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What’s your superpower? 

May 6, 2023
3 minute read

From Batman and Superman to goodies and baddies, superhero play takes on many forms and offers many fantastic child-led learning opportunities. However, a common concern from educators and parents is the safety of the children playing superheroes and the safety of the other children in the setting, if play becomes loud, physical or violent. It may be possible though to use these concerns as a teaching and learning moment. Children can be encouraged to self-assess their game; am I being safe? Is anyone going to get hurt by what I am doing? Could I play in a safer way? Involving children in these discussions is much more valuable than stopping play. There are also many other teaching and learning opportunities that can be explored through superhero play.

An opportunity to consider new concepts

Superheroes are positive role models for characteristics such as being kind, strong, brave and fair. Often these attributes can be explored in the moment through practitioner observation and discussion. It is also a good opportunity to explore the concepts of right and wrong, good and evil, life and death, and making good and bad choices. Practitioners need to be skilled in asking thoughtful and sensitive questions to expand a child’s thinking and learning.


A natural part of superhero play involves a storyline or narrative and an opportunity to play together in the same game, extending and elaborating on play ideas, developing the narrative and even their language and social skills; the children will need to cooperate and communicate with each other for the narrative to develop.

Personal, Social and Emotional Development

Even the most shy of children can feel empowered taking on the role of a superhero, which is a wonderful opportunity to be involved and make new friends. It is also a good moment to safely explore emotions beyond their normal range.  Conflicts will naturally arise in this sort of play too, but with conflict comes the chance to develop problem-solving skills, resilience and self-regulation.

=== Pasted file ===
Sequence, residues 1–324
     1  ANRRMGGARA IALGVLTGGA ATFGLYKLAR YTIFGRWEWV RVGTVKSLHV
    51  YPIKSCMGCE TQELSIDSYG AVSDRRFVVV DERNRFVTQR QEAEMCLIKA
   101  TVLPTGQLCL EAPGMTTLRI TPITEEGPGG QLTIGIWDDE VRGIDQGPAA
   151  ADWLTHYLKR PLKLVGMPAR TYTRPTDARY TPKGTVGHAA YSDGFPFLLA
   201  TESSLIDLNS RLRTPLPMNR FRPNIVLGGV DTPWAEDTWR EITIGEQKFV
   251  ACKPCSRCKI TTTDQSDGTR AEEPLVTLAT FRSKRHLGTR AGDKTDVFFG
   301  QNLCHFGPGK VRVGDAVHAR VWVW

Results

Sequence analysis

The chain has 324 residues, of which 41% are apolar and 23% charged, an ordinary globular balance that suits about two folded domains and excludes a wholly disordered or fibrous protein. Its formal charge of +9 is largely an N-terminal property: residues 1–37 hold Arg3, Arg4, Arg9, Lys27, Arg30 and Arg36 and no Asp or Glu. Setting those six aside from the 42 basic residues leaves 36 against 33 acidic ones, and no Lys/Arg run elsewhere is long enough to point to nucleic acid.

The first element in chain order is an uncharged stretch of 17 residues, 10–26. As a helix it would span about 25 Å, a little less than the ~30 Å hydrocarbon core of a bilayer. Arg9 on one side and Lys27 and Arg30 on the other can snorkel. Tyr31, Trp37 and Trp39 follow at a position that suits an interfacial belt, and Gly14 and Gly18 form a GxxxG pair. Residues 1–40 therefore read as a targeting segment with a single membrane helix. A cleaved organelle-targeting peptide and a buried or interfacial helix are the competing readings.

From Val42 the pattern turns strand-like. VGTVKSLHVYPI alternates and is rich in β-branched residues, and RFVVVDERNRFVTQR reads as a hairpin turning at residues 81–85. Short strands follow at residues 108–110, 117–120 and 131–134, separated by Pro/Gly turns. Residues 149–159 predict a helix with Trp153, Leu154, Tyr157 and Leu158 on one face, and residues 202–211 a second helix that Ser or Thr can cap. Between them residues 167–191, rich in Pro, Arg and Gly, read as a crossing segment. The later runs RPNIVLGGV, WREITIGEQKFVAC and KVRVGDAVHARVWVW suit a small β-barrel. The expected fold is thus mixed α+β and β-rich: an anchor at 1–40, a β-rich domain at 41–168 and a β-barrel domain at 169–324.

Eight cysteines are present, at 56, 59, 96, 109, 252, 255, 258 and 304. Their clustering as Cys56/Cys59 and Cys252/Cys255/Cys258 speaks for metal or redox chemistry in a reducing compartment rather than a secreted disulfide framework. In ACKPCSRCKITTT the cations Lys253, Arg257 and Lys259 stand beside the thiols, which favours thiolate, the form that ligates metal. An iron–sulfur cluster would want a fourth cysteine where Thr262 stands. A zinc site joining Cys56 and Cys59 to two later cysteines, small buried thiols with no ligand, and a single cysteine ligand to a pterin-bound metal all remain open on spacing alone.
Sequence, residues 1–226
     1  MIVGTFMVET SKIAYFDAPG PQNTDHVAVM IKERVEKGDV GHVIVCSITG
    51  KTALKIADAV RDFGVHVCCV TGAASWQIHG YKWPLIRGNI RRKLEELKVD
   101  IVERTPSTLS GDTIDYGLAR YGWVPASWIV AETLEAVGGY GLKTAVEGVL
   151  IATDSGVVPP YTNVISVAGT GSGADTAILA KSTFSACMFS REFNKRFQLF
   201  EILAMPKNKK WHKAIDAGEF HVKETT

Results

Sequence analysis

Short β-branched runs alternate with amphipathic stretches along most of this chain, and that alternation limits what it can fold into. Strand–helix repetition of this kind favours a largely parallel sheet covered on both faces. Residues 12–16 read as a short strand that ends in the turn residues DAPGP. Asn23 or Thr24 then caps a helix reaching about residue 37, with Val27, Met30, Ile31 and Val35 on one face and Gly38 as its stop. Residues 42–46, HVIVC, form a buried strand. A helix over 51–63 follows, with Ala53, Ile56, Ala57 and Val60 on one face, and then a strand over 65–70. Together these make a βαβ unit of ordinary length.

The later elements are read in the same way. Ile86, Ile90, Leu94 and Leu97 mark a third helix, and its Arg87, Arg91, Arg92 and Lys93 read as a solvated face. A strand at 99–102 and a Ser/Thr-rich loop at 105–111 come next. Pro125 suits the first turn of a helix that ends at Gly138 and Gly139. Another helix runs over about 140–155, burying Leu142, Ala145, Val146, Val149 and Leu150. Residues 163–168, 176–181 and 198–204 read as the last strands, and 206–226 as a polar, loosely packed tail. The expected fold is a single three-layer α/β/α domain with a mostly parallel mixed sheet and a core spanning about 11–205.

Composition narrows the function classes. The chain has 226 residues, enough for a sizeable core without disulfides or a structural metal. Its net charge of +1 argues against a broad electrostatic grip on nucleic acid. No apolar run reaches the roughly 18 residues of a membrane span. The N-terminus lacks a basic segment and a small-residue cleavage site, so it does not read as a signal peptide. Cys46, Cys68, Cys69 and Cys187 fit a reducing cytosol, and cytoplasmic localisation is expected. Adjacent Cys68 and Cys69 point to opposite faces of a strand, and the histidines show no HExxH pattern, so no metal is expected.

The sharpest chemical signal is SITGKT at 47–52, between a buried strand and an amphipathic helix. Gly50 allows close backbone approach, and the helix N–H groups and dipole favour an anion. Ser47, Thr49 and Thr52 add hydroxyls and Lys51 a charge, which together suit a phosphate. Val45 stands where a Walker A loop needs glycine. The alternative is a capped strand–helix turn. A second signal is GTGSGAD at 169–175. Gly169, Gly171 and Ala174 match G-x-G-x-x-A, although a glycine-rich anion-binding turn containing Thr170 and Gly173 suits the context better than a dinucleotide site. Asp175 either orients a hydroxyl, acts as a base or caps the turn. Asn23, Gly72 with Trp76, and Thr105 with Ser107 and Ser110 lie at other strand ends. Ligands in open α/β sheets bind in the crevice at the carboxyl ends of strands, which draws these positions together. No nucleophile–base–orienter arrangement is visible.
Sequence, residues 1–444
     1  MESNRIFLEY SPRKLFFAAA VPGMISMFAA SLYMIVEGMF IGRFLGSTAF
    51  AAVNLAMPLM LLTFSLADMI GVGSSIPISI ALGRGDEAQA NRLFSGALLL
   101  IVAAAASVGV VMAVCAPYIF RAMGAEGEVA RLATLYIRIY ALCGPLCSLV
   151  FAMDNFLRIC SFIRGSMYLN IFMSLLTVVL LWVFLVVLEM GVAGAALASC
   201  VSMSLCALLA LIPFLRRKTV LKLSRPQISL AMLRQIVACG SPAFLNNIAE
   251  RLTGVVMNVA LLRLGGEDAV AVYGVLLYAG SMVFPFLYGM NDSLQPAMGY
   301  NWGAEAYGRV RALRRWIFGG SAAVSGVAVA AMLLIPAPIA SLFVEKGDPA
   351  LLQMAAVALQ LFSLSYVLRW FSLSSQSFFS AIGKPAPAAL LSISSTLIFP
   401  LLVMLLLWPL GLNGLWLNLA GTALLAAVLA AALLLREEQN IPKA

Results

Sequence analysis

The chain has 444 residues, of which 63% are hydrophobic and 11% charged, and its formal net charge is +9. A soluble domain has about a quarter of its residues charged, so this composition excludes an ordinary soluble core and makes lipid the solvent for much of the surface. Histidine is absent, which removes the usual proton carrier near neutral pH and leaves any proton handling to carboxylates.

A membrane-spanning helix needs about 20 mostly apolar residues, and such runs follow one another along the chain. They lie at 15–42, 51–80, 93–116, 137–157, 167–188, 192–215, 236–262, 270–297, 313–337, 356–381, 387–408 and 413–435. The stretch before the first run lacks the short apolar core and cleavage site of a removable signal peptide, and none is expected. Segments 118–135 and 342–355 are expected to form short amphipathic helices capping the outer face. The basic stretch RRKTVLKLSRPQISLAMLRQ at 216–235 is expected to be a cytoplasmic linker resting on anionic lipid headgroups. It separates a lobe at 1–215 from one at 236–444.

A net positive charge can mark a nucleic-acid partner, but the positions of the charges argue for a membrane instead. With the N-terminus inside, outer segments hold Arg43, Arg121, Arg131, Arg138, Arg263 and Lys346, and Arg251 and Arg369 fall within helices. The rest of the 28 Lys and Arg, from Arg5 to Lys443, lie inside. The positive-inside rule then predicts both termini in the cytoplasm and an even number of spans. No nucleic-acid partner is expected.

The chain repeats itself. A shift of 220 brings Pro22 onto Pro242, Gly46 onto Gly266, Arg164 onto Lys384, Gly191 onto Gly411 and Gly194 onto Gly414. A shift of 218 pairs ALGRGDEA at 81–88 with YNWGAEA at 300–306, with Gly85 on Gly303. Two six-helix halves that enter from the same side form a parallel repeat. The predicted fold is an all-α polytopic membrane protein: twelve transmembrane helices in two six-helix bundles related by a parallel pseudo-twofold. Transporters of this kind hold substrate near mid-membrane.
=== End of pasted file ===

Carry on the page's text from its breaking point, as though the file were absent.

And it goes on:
Physical and active

We want children to engage in play which uses both fine and gross motor movement and this is certainly that type of play; running, jumping, chasing and holding tools, superhero play is certainly very physical. We can support children by making sure they are moving safely and have enough space to play and explore freely. This is also a great opportunity for children to take safe risks in their play and learn more about what their body can do.

There is no right or wrong when it comes to superhero play and every setting should approach it in their own way; supporting their team to follow the children’s interests and ideas, get involved in their play and embrace the learning opportunities that arise from such an engaging game. 

How do you approach superhero play in your setting? We’d love to read your comments. We welcome you to share this post with your team and on your social media too.

If you have enjoyed this post you might also enjoy our post The importance of water play in the early years

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